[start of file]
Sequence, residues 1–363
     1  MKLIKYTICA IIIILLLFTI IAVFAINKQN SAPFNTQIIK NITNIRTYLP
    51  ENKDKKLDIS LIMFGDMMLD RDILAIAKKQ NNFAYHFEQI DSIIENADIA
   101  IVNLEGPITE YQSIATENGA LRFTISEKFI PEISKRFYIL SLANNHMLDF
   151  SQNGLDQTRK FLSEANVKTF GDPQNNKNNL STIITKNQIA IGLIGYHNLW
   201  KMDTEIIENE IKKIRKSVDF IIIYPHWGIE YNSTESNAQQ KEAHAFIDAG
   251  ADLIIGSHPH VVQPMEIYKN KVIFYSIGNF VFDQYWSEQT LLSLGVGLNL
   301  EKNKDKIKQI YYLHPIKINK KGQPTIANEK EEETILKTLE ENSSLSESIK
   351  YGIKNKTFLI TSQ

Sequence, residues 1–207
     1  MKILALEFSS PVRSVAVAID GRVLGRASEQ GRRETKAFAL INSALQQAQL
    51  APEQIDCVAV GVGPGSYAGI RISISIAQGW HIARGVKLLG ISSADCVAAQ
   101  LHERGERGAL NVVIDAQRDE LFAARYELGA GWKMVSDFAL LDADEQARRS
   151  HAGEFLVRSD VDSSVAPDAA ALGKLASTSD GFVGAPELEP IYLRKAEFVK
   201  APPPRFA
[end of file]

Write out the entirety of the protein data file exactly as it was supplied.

Sequence, residues 1–363
     1  MKLIKYTICA IIIILLLFTI IAVFAINKQN SAPFNTQIIK NITNIRTYLP
    51  ENKDKKLDIS LIMFGDMMLD RDILAIAKKQ NNFAYHFEQI DSIIENADIA
   101  IVNLEGPITE YQSIATENGA LRFTISEKFI PEISKRFYIL SLANNHMLDF
   151  SQNGLDQTRK FLSEANVKTF GDPQNNKNNL STIITKNQIA IGLIGYHNLW
   201  KMDTEIIENE IKKIRKSVDF IIIYPHWGIE YNSTESNAQQ KEAHAFIDAG
   251  ADLIIGSHPH VVQPMEIYKN KVIFYSIGNF VFDQYWSEQT LLSLGVGLNL
   301  EKNKDKIKQI YYLHPIKINK KGQPTIANEK EEETILKTLE ENSSLSESIK
   351  YGIKNKTFLI TSQ

Sequence, residues 1–207
     1  MKILALEFSS PVRSVAVAID GRVLGRASEQ GRRETKAFAL INSALQQAQL
    51  APEQIDCVAV GVGPGSYAGI RISISIAQGW HIARGVKLLG ISSADCVAAQ
   101  LHERGERGAL NVVIDAQRDE LFAARYELGA GWKMVSDFAL LDADEQARRS
   151  HAGEFLVRSD VDSSVAPDAA ALGKLASTSD GFVGAPELEP IYLRKAEFVK
   201  APPPRFA